Can-eh-dian Invaders

Discussion in 'The Real Thing- North America' started by railohio, Dec 4, 2003.

  1. railohio

    railohio Active Member

    CSX trains in Ohio regularly operate with non-CSX power. Canadian power is regularly seen on this part of the CSX system operating on export grain trains, run-through automobile trains, and detouring intermodal trains. Here are some samples of Canadian Pacific power in Ohio.



    CP 8522 leads an X503 through Delaware Bend, Ohio and into the setting sun on August 19, 2003. N80, 75-300mm f/4.5-5.6 AF Zoom Nikkor, Fuji Sensia 100, tripod mounted, exposure unrecorded.



    CP5987 leads G684 east out of Willard, Ohio on a cloudy July day. N80, 35-105mm f/3.5-4.5 AF Zoom Nikkor, Fuji Provia 100F, handheld, exposure unrecorded.
  2. SuperSport

    SuperSport Member

    Brian, nice photos, eh!
    really like the composition on the second one, the underpass
    with the trees on the right are great!
  3. railwaybob

    railwaybob Member

    The second photo with the SD40s would make a nice scene to model.

    The strange thing about the first photo is that the two AC4400s are both oriented in the same direction - cab first. Usually, they're operated back-to-back so that they don't have to be wyed/turned at the end of their run for the return trip.

    Love those signals! How did you happen to arrive on the scene in time to snap the two photos?
  4. Matthyro

    Matthyro Will always be re-membered

    Excellent photography Brian. Thanks for including the camera info
  5. railohio

    railohio Active Member

    The first location, Delaware Bend, is one of my usual afternoon/evening railfan spots. I had been there about three hours before this train showed up and seen only eastbounds, so there were no photos to be had. I could hear this guy calling signals for about twenty minutes before he got to where I was and the entire time I was wondering why I could hear a "503" when there isn't one anywhere on that line. Well, sure enough when he came into view I realized it was an X503 rerouted CP intermodal. I guess all the radio range in the world is of no use if you don't have your head screwed on straight! :rolleyes:

    The second shot was a bit more by luck. I had spent that morning around Cleveland doing some shooting and decided to follow the CSX line from Akron back west. We had pretty poor luck on the line all afternoon but on the radio we could hear the G684 talking to the Willard Train Director (fancy term for "yardmaster") about departing the yard soon and figgured it would be a CP train. We hustled westward until we ran into him, which we did here about five miles east of Willard. I knew of this location as I had shot trains here before on previous trips and wanted to try to shoot this one there. There's a small church located across the street from my vantage point so I parked there, ran across the street, and pretty much had time to raise my camera and click. This was the best of that sequence of shots.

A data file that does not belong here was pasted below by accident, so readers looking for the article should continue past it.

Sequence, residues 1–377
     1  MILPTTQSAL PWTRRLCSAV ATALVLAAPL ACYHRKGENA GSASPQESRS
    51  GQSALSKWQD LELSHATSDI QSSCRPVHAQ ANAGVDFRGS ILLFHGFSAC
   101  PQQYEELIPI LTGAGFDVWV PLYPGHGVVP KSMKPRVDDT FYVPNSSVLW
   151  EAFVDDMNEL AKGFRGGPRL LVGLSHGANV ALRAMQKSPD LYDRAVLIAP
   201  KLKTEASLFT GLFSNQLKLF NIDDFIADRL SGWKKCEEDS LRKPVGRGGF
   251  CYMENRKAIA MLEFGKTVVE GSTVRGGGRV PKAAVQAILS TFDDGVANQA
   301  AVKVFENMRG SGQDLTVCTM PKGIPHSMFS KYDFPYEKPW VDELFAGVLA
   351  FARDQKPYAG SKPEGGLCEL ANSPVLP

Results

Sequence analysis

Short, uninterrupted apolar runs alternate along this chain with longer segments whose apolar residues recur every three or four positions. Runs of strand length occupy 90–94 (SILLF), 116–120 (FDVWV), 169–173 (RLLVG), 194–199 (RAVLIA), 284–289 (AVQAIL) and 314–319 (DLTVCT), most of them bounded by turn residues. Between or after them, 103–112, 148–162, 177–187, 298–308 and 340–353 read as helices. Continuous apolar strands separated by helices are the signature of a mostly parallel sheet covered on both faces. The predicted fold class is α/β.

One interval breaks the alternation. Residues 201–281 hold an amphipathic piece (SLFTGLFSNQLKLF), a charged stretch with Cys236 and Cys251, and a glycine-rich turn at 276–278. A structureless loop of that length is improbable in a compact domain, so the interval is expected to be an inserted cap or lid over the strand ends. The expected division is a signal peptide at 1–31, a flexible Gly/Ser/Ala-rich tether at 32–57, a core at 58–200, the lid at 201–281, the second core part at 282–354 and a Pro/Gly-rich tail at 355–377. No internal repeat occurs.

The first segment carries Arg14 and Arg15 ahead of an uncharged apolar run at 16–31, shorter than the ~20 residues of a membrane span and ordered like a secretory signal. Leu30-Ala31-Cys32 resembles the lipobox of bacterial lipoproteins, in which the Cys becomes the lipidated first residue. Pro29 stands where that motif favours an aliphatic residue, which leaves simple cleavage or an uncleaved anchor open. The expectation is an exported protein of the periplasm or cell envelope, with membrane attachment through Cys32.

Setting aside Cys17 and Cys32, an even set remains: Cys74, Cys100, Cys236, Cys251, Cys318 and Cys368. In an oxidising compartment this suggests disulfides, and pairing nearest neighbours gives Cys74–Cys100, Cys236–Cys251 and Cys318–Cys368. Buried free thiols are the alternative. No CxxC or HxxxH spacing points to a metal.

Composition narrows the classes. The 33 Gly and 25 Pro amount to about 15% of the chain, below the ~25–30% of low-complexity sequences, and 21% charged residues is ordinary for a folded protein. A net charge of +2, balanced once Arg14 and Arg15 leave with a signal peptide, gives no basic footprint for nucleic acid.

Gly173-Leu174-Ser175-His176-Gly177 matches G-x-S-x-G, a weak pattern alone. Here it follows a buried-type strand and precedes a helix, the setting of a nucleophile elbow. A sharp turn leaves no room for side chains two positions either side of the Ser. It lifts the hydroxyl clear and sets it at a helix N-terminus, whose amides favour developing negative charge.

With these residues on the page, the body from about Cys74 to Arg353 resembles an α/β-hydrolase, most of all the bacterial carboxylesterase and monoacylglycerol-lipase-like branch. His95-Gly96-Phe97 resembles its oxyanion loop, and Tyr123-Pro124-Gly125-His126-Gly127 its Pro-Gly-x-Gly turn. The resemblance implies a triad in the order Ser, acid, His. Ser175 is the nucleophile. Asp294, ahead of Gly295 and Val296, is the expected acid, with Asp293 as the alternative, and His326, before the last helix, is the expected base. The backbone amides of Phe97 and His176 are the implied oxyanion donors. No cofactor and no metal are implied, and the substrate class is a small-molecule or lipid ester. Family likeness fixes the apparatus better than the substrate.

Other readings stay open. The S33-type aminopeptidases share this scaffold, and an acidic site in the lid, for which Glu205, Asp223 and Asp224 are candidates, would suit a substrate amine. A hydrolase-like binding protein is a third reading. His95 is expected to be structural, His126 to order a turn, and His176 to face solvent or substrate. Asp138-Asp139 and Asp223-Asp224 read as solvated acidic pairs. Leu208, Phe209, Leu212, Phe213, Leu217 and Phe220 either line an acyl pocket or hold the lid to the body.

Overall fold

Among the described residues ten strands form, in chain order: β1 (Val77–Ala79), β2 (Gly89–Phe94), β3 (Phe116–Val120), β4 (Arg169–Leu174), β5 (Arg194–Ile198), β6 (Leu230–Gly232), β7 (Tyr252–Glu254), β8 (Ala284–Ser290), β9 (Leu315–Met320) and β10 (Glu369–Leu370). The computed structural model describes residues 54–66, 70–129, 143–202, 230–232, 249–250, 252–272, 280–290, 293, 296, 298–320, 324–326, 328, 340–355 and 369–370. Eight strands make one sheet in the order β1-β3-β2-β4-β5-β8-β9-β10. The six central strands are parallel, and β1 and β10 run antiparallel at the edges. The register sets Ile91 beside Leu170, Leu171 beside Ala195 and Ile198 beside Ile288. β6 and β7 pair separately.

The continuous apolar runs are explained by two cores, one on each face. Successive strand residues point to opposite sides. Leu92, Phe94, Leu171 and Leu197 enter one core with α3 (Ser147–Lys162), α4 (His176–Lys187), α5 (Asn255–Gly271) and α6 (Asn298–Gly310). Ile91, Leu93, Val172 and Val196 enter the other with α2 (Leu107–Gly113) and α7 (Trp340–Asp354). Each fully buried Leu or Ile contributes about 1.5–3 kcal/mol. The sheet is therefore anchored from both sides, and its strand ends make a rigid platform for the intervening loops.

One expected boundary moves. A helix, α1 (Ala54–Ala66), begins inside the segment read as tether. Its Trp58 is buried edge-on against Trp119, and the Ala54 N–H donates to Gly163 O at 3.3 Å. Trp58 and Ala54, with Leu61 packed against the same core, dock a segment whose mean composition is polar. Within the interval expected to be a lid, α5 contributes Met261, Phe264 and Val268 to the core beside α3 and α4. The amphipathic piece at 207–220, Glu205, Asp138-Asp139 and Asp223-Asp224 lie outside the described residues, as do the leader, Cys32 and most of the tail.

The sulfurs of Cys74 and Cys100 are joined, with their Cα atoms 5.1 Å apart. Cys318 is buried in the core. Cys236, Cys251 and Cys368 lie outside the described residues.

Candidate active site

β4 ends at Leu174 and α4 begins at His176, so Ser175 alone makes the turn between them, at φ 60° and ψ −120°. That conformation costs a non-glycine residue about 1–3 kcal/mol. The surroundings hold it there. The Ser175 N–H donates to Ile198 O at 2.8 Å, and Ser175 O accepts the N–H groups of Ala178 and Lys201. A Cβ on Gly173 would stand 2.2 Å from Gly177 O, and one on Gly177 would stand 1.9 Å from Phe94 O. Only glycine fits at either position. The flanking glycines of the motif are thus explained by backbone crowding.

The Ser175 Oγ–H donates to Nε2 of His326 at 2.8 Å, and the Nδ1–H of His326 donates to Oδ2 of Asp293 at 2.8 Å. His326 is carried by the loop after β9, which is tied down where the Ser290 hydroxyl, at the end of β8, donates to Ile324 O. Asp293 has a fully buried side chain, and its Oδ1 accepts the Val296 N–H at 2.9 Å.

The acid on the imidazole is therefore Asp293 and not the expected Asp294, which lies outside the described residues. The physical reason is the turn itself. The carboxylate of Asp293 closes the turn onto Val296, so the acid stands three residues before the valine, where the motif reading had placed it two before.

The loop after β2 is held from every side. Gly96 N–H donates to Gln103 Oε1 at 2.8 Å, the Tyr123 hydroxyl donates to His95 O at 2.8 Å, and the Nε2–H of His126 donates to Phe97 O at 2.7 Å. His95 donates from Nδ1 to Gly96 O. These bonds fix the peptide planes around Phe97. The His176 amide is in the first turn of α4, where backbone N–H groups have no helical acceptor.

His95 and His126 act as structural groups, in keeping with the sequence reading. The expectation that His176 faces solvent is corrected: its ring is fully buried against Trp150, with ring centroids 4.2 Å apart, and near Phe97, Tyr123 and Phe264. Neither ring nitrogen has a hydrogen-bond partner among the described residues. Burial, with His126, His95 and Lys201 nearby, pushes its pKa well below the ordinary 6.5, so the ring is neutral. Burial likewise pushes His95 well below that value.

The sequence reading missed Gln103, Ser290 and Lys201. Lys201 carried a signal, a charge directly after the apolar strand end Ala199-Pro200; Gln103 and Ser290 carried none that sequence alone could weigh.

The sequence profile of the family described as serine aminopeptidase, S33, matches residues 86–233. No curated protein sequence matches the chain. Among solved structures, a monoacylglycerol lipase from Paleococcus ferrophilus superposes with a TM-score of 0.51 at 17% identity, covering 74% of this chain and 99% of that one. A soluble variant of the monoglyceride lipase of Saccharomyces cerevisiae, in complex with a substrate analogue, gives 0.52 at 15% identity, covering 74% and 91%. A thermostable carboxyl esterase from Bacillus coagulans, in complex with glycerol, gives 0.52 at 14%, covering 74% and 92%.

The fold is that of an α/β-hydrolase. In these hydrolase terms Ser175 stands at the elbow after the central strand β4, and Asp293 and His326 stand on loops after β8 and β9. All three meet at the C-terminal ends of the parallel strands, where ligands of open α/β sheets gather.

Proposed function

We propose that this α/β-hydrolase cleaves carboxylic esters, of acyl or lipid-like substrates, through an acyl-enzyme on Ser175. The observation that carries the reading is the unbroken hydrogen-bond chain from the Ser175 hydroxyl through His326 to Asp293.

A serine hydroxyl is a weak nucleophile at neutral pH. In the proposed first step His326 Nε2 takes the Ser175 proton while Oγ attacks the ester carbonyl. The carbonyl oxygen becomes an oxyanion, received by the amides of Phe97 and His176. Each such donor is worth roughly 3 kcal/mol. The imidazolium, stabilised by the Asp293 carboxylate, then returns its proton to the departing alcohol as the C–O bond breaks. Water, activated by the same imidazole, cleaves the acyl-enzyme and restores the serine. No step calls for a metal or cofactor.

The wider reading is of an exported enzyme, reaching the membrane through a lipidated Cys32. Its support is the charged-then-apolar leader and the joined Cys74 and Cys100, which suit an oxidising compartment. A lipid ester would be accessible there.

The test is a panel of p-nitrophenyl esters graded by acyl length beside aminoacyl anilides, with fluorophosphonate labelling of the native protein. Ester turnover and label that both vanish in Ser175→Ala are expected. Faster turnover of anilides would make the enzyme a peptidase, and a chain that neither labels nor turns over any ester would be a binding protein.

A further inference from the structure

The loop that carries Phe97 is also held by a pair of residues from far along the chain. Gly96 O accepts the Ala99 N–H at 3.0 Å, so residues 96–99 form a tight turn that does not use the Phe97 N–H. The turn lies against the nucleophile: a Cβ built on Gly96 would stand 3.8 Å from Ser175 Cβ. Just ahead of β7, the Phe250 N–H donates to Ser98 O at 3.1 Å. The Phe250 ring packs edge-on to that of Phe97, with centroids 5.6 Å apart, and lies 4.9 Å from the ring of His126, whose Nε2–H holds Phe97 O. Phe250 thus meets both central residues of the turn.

6. Tileguy

    Tileguy Member

    What, talking about invaders and No Mention of the fact that the largest iron ore hauling road in the world was just bought by the CN?
    Thats right, DM&IR in northern minnesota along with its sister road the Bessemer and Lake Erie were purchased by the CN.Operations will be taken over early this year.
    On the brite side for railroading,the chineese are going to buy some 200 million long tons of ore from the mesabi range which will be transported to vancouver for shipping by rail.That is a lot of rail traffic at 70 tons per car.So,look for some DM&IR Jennies out in western Canada.coming to a classification yard near you :)
  7. railwaybob

    railwaybob Member

    CN has also taken over the Algoma Central and BC Rail. Its all part of their strategic plan to become a truly North American railway, rather than a Canadian road.

    If it's any consolation, the head of CN, after Paul Tellier left for Bombardier, is Hollis Hunter who was the former head of the Illinois Central before the merger with CN. The majority of CN shareholders live south of the 49th parallel. So us Canucks are just waiting for the day when Canandian National Railways simply becomes CN Rail.

    That's globalization for you, eh?

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